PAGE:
Earth Orbit v2.1: a 3-D visualization and analysis model of Earth's orbit, Milankovitch cycles and insolation
- 1Department of Geography and the Environment, 28 Westhampton Way, University of Richmond, Richmond, VA 23173, USA
- 2Formerly at Earth Research Institute, University of California Santa Barbara, Santa Barbara, CA 93106, USA
- *T. S. Kostadinov dedicates this paper to his mother, who first sparked his interest in the magnificent night sky and the science of astronomy, and to his father, who showed him the pivotal importance of mathematics.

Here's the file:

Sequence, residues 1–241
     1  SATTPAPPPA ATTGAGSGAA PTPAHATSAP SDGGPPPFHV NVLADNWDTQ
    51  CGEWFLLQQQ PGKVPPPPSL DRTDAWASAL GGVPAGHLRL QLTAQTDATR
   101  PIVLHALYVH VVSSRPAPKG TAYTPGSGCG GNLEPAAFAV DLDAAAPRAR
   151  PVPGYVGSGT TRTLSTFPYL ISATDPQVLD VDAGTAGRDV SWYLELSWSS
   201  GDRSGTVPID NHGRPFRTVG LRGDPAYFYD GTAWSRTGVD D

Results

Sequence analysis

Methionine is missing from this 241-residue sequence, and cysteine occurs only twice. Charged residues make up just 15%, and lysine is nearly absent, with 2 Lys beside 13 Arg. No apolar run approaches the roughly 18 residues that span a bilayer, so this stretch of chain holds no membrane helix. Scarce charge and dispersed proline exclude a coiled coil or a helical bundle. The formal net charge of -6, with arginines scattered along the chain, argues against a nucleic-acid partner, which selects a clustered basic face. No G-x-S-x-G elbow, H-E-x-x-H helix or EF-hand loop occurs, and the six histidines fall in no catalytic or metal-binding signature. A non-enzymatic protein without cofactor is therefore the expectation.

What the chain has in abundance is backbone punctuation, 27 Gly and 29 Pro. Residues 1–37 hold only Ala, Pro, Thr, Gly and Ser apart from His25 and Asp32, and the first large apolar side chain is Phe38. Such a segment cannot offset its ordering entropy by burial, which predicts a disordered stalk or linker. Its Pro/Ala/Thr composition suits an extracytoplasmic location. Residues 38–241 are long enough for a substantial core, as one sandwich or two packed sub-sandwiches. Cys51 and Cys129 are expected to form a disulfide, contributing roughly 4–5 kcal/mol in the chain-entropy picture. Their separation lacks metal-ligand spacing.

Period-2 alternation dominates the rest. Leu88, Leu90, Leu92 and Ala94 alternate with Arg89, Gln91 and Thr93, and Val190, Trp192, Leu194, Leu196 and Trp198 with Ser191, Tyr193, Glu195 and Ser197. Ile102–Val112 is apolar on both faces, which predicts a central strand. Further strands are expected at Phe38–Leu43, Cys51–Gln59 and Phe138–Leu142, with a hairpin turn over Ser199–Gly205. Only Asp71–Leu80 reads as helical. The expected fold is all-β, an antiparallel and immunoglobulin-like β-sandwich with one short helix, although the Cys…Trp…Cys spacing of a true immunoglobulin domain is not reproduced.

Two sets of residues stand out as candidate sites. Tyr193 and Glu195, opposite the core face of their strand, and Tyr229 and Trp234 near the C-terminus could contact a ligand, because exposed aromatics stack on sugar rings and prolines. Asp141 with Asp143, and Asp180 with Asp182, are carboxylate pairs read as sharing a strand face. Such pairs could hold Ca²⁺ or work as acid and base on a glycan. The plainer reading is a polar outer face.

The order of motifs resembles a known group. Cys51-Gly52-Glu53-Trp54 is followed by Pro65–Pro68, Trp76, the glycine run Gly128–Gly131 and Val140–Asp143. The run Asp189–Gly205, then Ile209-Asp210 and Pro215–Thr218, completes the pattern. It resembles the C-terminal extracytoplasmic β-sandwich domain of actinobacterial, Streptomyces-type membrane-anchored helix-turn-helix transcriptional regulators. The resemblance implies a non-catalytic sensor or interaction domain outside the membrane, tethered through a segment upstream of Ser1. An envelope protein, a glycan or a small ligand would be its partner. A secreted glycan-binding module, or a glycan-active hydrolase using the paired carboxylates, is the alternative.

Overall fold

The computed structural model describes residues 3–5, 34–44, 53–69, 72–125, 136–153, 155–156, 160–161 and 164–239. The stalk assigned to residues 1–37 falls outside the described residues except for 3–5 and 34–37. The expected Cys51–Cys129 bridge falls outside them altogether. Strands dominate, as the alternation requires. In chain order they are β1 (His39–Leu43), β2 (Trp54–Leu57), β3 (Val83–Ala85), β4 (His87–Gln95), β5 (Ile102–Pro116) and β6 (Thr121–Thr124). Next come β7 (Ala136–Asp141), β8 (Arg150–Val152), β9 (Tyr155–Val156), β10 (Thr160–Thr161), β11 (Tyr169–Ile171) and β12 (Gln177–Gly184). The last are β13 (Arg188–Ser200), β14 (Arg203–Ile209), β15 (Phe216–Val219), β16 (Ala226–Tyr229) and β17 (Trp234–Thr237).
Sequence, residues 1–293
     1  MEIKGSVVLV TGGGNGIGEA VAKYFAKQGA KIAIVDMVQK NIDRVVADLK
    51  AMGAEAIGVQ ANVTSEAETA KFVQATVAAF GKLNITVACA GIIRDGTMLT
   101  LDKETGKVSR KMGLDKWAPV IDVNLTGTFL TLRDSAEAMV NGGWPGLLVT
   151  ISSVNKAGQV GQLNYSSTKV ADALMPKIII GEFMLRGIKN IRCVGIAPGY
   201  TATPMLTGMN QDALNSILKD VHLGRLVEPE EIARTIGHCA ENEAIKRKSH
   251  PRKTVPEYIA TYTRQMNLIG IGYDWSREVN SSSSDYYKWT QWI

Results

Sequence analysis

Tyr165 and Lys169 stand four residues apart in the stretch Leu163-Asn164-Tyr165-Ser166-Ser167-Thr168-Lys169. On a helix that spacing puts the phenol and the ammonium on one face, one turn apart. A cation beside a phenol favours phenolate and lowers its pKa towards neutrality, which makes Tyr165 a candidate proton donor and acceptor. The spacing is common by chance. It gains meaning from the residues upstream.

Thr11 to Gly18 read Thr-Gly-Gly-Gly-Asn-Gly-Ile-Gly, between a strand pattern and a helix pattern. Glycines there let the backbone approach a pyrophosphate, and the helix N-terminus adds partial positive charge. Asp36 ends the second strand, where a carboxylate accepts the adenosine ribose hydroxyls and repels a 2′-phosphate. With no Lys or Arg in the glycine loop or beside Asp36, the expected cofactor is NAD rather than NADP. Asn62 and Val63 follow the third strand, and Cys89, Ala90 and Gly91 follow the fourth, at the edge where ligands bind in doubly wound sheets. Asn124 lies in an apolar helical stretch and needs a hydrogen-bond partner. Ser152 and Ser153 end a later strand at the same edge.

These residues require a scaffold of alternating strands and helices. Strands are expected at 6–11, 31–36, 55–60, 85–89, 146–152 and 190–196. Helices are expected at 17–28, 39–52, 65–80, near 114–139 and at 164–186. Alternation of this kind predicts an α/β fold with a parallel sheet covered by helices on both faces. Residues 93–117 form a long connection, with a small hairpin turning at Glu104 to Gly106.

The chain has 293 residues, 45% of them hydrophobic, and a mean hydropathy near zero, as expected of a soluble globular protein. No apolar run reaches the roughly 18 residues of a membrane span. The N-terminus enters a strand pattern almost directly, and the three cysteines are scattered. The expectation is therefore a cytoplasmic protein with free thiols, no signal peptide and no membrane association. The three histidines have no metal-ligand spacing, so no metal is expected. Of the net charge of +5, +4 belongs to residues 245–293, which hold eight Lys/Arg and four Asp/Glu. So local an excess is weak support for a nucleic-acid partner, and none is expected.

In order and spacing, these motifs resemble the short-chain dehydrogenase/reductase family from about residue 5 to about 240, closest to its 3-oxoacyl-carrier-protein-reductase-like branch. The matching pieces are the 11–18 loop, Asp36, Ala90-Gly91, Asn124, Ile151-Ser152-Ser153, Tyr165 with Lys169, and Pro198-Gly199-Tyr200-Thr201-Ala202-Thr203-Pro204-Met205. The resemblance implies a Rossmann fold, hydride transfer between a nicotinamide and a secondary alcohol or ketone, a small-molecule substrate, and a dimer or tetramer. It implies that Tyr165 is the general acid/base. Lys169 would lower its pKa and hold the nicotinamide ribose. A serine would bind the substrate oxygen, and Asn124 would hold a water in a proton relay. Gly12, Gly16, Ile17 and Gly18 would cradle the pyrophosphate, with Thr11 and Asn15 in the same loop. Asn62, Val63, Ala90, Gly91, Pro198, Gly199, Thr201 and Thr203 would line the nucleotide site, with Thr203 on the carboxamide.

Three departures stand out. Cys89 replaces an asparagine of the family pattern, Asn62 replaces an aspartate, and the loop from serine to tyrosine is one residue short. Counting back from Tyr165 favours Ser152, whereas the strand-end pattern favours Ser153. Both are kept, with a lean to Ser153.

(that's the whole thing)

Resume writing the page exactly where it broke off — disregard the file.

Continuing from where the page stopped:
Abstract. Milankovitch theory postulates that periodic variability of Earth's orbital elements is a major climate forcing mechanism, causing, for example, the contemporary glacial–interglacial cycles. There are three Milankovitch orbital parameters: orbital eccentricity, precession and obliquity. The interaction of the amplitudes, periods and phases of these parameters controls the spatio-temporal patterns of incoming solar radiation (insolation) and the timing and duration of the seasons. This complexity makes Earth–Sun geometry and Milankovitch theory difficult to teach effectively. Here, we present "Earth Orbit v2.1": an astronomically precise and accurate model that offers 3-D visualizations of Earth's orbital geometry, Milankovitch parameters and the ensuing insolation forcing. The model is developed in MATLAB® as a user-friendly graphical user interface. Users are presented with a choice between the Berger (1978a) and Laskar et al. (2004) astronomical solutions for eccentricity, obliquity and precession. A "demo" mode is also available, which allows the Milankovitch parameters to be varied independently of each other, so that users can isolate the effects of each parameter on orbital geometry, the seasons, and insolation. A 3-D orbital configuration plot, as well as various surface and line plots of insolation and insolation anomalies on various time and space scales are produced. Insolation computations use the model's own orbital geometry with no additional a priori input other than the Milankovitch parameter solutions. Insolation output and the underlying solar declination computation are successfully validated against the results of Laskar et al. (2004) and Meeus (1998), respectively. The model outputs some ancillary parameters as well, e.g., Earth's radius-vector length, solar declination and day length for the chosen date and latitude. Time-series plots of the Milankovitch parameters and several relevant paleoclimatological data sets can be produced. Both research and pedagogical applications are envisioned for the model.